Ways to cook turkey when you don’t celebrate Thanksgiving

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This post is sponsored by Canadian Turkey. As always, all opinions are my own.

Growing up in a South Asian household, we never had a traditional Thanksgiving turkey dinner. It wasn’t until I was a bit older and into cooking myself, that we had our first whole turkey dinner around Thanksgiving time. When I got married and moved into my own house, I hosted my first Thanksgiving dinner. For the past five years, we’ve had some form of a “Thanksgiving dinner” with a whole turkey (except for one of the years where I was super pregnant and too tired). Our dinners are always Desi-ed up, with spicier flavours and a few side dishes to appeal to the older generation as well.

Now, I totally get it if you’ve never had a Thanksgiving dinner or still aren’t convinced on why you should. This year, I wanted to share how you can still take advantage of getting a whole turkey at an affordable price and cutting it up to make two delicious, South Asian inspired recipes.

Most grocery stores and butcher shops will carry whole turkeys this time of year at a reasonable price. If you don’t want to cook the turkey whole, you can still get one and section it to use the meat in various recipes. Turkeys are generally larger than other poultry choices and deliver a lot of meat for the price. Whole turkeys can be cooked for a few dollars per pound, and are a perfect choice for batch cooking meals or freezing leftover meat that comes in handy as an everyday meal starter.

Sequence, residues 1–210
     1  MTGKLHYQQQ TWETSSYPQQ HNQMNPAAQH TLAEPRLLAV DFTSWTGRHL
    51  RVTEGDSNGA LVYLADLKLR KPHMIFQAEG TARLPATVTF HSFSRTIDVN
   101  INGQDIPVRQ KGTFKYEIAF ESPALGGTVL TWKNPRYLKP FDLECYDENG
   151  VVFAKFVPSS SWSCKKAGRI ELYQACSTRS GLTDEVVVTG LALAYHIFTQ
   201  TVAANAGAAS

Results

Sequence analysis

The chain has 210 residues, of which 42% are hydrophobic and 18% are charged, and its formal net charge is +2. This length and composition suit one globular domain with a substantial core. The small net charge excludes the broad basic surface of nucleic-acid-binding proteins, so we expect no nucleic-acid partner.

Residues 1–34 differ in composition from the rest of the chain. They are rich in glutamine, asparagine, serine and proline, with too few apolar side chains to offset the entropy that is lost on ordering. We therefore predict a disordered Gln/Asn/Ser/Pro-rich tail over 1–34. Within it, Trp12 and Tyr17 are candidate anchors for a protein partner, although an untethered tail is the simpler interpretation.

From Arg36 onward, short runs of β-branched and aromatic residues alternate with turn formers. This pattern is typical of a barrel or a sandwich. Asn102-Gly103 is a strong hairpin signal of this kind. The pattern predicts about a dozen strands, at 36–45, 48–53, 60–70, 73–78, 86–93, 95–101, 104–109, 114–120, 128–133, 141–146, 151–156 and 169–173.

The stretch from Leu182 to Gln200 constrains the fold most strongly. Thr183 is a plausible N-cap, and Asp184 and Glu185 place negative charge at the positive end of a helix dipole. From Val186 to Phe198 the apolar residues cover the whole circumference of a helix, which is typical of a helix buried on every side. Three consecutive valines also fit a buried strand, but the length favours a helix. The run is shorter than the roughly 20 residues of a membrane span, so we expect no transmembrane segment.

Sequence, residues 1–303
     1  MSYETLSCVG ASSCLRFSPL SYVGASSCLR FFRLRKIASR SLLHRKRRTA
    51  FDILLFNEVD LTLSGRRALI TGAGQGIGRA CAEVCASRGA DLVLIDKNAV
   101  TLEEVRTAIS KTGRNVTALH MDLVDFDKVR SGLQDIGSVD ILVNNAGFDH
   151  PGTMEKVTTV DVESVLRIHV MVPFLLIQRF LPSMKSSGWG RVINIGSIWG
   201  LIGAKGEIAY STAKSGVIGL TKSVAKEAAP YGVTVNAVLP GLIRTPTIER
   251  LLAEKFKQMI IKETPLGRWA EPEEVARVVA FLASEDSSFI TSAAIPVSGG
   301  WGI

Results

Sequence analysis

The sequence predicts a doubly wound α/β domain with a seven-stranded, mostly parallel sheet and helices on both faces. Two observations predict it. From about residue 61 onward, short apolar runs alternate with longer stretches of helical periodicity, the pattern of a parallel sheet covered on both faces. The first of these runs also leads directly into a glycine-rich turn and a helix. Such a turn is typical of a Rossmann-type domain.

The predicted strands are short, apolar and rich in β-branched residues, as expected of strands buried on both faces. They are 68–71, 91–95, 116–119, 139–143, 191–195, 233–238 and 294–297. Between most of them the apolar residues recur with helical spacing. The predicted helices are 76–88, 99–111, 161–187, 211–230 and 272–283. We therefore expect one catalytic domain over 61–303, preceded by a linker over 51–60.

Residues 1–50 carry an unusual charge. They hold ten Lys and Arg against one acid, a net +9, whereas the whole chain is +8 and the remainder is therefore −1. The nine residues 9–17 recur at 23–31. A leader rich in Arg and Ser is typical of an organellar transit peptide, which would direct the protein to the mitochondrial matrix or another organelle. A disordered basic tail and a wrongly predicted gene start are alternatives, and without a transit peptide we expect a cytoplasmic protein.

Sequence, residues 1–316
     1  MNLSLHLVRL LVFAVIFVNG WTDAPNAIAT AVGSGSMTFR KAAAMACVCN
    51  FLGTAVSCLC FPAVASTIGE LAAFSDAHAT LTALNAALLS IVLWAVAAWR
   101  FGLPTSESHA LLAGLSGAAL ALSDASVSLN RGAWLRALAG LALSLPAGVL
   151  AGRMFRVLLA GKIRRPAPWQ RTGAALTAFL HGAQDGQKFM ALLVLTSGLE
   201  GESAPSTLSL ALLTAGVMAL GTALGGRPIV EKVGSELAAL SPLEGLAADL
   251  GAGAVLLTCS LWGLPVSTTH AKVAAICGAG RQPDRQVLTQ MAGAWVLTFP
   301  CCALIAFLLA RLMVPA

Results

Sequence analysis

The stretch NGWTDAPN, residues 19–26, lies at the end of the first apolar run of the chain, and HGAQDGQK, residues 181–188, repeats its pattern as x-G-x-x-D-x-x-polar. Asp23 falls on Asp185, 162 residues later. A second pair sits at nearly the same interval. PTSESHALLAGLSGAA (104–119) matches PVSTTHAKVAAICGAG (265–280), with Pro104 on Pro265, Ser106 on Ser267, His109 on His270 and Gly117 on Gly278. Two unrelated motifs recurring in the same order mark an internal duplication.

The Canadian Turkey website has an excellent guide on how to section a whole raw turkey. I will be completely honest when I tell you that I have never sectioned a turkey before. I was a bit nervous as this felt like something only my mom would be able to do. One of the tips it gives before you even start cutting is to ensure your turkey is well chilled to help make the cutting easier since the tissue is a bit stiff.